As Iran prepares to meet again with the U.S. and other countries to negotiate its nuclear program, the country's economic minister insisted in an interview Sunday with CNN's Fareed Zakaria that the crippling sanctions imposed on Iran were not having as much of an impact as believed.
Minister Shamseddin Hosseini argued that his country has a much broader economy than just oil.
"Last year, the total non-oil exports increased by 30 percent and according to the latest reports that the International Monetary Fund has published, Iran's GDP – Iran's per capita income has also increased," Hosseini said in the interview on CNN's "Fareed Zakaria GPS."
Zakaria pressed Hosseini on the argument, asking how it could be that the country is not affected when 80% of its foreign revenues come from foreign sales of oil.
Watch the exchange in the video above (or check out the transcript below):
ZAKARIA: You're telling me that these restrictions on oil, particularly if the European Union goes through with them, the Indians say they're buying less from you, the Japanese say they are buying less form you, these are not going to affect you, 80 percent of your external revenues come from oil.
HOSSEINI: We must pay close to attention when we speak of oil revenues and sanctions against oil sales. Who are the winners and the losers of such sanctions?
Indeed, it is difficult, but not just for Iran. And we can all rest assured that there will be a considerable increase in international oil market prices. Now, is this the best approach?
ZAKARIA: Just to be clear because this is very important, you think that if the European Union goes through with the oil embargo, which is slated to go into effect in July, oil prices will go up very substantially?
HOSSEINI: Certain, certainly. Even the IMF says that as a result of these sanctions, oil prices will perhaps reach and hover around $160 per barrel. And the decrease in financial and economic output in Europe will truly be felt.
ZAKARIA: How long can you endure these kind of sanctions because they are affecting your banks, they're affecting, now, the Senate is passing ones relating to the oil – the tanker business.
How long can you continue to withstand these sanctions?
HOSSEINI: We have been the subject, the target of sanctions for the last 33 years. We never went looking for these sanctions, but during the last few years, of course, the volume of these sanctions have increased tremendously.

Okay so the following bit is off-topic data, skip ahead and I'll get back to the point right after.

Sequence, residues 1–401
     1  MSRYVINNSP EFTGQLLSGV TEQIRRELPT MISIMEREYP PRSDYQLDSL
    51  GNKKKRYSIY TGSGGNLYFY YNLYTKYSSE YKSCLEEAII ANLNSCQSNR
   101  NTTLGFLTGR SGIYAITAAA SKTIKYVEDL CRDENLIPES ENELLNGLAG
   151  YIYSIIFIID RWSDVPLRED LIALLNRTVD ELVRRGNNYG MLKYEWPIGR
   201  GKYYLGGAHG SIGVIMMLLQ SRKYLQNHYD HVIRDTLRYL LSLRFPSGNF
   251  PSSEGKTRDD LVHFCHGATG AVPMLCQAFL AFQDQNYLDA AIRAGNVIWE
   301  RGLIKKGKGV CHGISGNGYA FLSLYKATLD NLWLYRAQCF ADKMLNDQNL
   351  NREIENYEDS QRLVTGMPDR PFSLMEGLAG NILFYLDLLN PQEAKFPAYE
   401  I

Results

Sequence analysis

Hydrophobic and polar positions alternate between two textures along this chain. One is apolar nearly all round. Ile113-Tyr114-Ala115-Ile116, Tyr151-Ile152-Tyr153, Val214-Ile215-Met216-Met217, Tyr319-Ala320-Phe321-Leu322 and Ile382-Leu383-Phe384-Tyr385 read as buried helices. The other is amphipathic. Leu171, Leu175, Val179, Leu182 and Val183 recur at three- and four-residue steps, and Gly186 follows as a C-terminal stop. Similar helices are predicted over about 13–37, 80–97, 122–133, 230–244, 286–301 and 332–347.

And we believe that those who impose the sanctions have exerted the maximum level of pressure they have been capable of, but the reality that is showing itself today is that the capacities and the economic specialties and strengths of Iran are such that can cause a backlash – an economic backlash for the imposers of these sanctions and their countries.
This really shows that the economy – economic strength of Iran is in such a way that can withstand these sanctions and will not be the only economy to suffer.
ZAKARIA: So if – but if these sanctions do cost you a lot, cost the average Iranian a lot, why not allow the IAEA inspectors in, say to them you can go to every facility including the ones that we have previously not allowed you to.
We have nothing to hide. You can see all our nuclear programs and certify that it's peaceful and once you get that certification, these sanctions will get lifted.
HOSSEINI: We have said time and time again that we will not give up this unalienable right. We are a member – full signatory and abiding member of the IAEA.
There are conversations and dialogues taking place currently, but there cannot be a hegemony and a double-standard in the treatment of member countries such as Iran.
If these principles can be understood and applied with mutual respect, I think we will be in a much better place.
ZAKARIA: Final question, what will the price of oil be in August of this year?
HOSSEINI: I believe that we must, at least, in order to have sustainable growth for the producers maintain prices at $100 per barrel. But keep in mind the following, can the industrial powers get out of the current situation they're in with these prices?
Therefore, the answer being obvious, the prices will go considerably higher than $100 per barrel. If we see reforms – tangible reforms in this behavior, we will be in a much better place. If we don't, we will witness an increase in international oil markets.